Airplane Pilots Report Man Flying Jetpack 3,000 Feet Above Los Angeles: 'Only in L.A.'
The FBI and Federal Aviation Administration are investigating
It's a bird! It's a plane! It's... a man on a jetpack?
That's what pilots reported on Sunday evening after spotting what they described as a "guy in a jetpack" flying 3,000 feet above Los Angeles International Airport (LAX) — and just 30 yards away from their planes, CNN reported.
A spokesperson for the Federal Aviation Administration (FAA) confirmed the incident in a statement to PEOPLE and noted that officials were investigating the matter.
"Two airline flight crews reported seeing what appeared to be someone in a jet pack as they were on their final approaches to LAX around 6:35 p.m. PDT Sunday," the spokesperson says. "The FAA alerted local law enforcement to the reports, and the FAA is looking into these reports."
Audio footage obtained by CNN captured the conversations between air traffic control and crews from the American and JetBlue flights shortly after they witnessed the unexpected sighting in the sky.
"Tower. American 1997. We just passed a guy on a jetpack," the first plane reported, according to the outlet. "Off the left side maybe 300 — 30 yards or so. About our altitude."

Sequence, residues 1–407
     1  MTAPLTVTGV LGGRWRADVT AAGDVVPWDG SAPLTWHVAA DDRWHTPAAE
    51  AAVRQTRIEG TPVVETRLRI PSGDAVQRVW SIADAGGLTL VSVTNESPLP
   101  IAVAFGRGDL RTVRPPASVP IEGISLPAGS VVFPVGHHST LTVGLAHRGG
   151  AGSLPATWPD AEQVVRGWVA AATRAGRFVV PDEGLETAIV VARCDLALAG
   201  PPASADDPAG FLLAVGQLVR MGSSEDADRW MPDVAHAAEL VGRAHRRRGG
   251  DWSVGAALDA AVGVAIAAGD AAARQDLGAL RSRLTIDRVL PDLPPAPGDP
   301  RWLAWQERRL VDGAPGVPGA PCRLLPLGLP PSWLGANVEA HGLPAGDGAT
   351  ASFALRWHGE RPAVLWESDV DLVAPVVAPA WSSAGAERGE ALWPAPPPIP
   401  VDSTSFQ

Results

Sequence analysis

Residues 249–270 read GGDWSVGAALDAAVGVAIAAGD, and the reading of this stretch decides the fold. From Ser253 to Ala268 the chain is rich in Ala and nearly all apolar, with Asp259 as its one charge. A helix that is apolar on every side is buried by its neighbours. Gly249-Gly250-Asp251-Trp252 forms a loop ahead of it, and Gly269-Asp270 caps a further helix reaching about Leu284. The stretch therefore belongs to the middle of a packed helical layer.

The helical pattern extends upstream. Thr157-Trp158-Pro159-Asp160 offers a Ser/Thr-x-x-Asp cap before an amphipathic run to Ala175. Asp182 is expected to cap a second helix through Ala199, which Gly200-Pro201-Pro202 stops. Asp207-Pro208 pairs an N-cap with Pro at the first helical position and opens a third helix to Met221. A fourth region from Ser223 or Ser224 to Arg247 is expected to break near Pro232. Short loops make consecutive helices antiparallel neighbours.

Ten minutes later, another plane reportedly called in, telling the air traffic controller: "We just saw the guy fly by us on the jetpack."
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With the back-to-back sightings, air traffic control officials then issued a warning to planes in the area, including a JetBlue flight.
According to audio obtained by CNN, the air traffic controller advised the JetBlue pilot to "use caution [due to a] person on a jetpack reported 300 yards south," and jokingly added, "Only in L.A."
Along with the FAA, the FBI is also investigating the incident, Laura Eimiller, a spokesperson for the Los Angeles FBI field office, confirms to PEOPLE.
"The FBI is investigating the reports made this past Sunday by airline pilots who've said they saw a man on a jetpack upon their approach to LAX," Eimiller says. "This is not a common occurrence."